Good Sportsmanship Indicators:One of the images that appears frequently in the list is that of the "student-athlete." In that spirit, here Darko Miličić applies, in his explanation of his team's dismal performance, what he has learned in his courses on obstetrics:
- Respect for officials - student-athletes raise hand or arm to signal a foul.
- Student-athletes shake hands before and after the contest.
- Unsportsmanlike behavior violations are addressed appropriately.
- Inappropriate conduct by coaches has consequences.
- Appropriate recognition when competitor gets injured and is forced to leave the competition.
- Fans, coaches and student-athletes are held accountable for negative behavior.
- Fans are enthusiastic supporters of their teams but respectful to opposing teams and their supporters.
- There is a respect shown by all competitors for the opposing team.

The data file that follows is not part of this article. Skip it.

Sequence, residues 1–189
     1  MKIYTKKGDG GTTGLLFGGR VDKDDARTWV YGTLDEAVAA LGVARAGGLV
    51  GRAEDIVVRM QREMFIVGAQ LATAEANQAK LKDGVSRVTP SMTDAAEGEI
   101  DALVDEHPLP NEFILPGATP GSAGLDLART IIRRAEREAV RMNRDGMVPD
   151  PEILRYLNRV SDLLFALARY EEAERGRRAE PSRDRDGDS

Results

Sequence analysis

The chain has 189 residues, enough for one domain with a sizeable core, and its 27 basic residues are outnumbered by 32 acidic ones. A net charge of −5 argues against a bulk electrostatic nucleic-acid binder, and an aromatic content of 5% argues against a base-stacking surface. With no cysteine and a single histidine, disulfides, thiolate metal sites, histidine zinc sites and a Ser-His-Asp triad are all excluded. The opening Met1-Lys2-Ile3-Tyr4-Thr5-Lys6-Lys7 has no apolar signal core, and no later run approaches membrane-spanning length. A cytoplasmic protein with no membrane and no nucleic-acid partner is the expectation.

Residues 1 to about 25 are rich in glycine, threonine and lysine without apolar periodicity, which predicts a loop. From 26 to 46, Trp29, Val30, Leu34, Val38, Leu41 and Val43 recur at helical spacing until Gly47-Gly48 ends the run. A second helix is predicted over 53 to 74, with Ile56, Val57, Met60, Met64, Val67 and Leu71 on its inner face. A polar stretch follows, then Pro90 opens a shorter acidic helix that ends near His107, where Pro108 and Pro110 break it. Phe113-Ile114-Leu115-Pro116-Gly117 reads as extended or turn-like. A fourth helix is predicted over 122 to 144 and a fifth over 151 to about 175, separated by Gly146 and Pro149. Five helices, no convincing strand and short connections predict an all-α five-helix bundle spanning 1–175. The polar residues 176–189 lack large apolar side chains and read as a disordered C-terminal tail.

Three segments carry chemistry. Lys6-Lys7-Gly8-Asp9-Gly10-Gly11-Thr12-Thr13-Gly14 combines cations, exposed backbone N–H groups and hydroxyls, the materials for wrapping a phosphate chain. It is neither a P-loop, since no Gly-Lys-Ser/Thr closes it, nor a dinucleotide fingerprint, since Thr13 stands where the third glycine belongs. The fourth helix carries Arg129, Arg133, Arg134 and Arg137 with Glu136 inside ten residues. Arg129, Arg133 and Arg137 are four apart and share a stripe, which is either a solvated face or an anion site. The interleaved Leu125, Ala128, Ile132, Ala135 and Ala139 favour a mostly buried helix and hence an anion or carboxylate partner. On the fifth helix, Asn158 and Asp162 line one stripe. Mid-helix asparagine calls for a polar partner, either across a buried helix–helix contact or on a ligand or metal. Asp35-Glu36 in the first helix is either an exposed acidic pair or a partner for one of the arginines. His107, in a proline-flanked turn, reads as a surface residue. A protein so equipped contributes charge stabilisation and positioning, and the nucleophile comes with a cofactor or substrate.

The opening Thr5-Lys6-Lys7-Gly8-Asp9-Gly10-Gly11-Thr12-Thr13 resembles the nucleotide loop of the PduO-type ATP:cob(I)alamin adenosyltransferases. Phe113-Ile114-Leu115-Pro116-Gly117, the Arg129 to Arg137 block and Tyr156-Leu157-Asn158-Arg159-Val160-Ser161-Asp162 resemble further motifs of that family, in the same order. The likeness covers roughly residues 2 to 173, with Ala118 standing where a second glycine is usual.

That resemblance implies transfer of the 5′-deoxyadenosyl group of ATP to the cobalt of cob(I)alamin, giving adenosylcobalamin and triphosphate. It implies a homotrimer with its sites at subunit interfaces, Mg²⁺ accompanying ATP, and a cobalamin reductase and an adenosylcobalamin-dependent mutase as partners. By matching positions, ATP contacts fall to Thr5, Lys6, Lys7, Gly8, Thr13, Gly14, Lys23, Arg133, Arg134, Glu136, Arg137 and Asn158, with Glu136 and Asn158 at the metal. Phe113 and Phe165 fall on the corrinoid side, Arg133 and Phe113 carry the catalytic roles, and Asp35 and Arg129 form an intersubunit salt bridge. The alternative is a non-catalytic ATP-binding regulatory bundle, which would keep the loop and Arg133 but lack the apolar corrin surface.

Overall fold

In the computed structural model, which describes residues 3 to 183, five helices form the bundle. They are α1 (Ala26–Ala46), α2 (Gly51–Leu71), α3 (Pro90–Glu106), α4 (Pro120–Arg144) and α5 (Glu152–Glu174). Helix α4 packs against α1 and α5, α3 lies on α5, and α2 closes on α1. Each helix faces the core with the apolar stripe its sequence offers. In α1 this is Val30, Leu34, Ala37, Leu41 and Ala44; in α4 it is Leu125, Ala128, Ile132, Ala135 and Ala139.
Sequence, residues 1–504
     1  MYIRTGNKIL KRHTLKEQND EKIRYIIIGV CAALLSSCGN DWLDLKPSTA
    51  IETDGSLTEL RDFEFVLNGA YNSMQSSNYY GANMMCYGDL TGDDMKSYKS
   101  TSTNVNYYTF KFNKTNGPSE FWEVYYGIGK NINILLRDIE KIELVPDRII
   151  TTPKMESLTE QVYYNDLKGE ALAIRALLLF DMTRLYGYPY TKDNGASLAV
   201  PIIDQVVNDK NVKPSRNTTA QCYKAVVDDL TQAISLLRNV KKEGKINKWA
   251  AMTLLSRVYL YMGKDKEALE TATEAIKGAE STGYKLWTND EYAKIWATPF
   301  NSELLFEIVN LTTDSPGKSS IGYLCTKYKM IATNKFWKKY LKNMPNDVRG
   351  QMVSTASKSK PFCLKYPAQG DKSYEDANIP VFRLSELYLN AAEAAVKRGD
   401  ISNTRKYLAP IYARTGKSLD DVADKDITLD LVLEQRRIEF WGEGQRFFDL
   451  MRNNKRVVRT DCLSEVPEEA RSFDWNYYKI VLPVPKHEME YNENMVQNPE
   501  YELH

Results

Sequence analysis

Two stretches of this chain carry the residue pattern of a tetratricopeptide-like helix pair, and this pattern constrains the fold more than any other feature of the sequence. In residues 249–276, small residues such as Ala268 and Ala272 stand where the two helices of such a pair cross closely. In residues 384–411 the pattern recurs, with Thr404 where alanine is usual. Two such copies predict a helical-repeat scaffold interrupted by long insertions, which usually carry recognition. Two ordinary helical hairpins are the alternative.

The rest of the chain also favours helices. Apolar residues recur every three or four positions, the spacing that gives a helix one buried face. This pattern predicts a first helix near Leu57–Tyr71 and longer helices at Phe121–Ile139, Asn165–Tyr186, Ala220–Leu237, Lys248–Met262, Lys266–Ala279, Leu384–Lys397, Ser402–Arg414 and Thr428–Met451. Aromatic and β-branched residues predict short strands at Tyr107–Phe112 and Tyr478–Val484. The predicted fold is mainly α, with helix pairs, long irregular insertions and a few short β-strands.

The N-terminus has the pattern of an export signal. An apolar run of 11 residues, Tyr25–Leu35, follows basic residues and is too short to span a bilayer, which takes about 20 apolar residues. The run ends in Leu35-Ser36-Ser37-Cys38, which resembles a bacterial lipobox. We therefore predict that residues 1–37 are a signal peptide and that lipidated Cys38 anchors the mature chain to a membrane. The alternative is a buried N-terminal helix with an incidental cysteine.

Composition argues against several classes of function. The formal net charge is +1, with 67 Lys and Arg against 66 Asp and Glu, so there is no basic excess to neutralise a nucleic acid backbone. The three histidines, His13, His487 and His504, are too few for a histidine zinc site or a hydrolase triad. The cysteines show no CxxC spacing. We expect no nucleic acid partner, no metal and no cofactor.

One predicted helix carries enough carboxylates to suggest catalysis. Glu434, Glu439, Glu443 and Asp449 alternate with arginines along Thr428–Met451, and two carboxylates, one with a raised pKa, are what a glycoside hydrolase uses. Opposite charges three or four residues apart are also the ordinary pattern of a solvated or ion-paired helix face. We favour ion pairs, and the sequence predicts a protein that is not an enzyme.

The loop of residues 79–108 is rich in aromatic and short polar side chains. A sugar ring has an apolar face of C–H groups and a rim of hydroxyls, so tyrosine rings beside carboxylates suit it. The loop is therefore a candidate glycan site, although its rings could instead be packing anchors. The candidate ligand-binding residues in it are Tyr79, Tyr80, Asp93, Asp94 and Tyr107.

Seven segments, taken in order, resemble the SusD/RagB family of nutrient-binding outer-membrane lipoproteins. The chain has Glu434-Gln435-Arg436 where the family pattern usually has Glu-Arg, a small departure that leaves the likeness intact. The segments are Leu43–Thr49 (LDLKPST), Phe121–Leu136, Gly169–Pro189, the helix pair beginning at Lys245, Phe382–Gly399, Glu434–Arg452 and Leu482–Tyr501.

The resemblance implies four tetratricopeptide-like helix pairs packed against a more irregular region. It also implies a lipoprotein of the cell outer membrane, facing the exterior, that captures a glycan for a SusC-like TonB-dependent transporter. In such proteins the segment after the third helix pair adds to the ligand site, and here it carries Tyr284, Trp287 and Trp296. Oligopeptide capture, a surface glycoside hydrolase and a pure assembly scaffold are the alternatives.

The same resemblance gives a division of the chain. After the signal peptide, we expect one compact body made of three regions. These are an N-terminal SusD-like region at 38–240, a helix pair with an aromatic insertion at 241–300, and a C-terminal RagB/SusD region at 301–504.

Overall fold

- Gamesmanship by coaches or players is frowned upon.
The NCAA proposes the following nine indicators of "good sportsmanship" (their definition is hardly free of solipsism, but is nice and concrete):
More fun in communication with the Home Office. Although they did not respond to my request to confirm that they had received my application, they did inform me over the phone (no, they did not call me) that my application was refused. But they did not inform me of the reason, which would matter because it would determine whether I am able to appeal or have to submit a new application. Today they informed me, sort of, that an official notification was mailed to me over a week ago. In this message, they told me that the letter had been sent to me "in the envelope you provided" (I did not provide an envelope), and gave me a tracking number (which was the tracking number under which I had sent my materials to them). This leaves me in a dilemma as to whether it is worse that the Home Office 1) fails to provide information, 2) provides incomplete information, or 3) provides inaccurate information.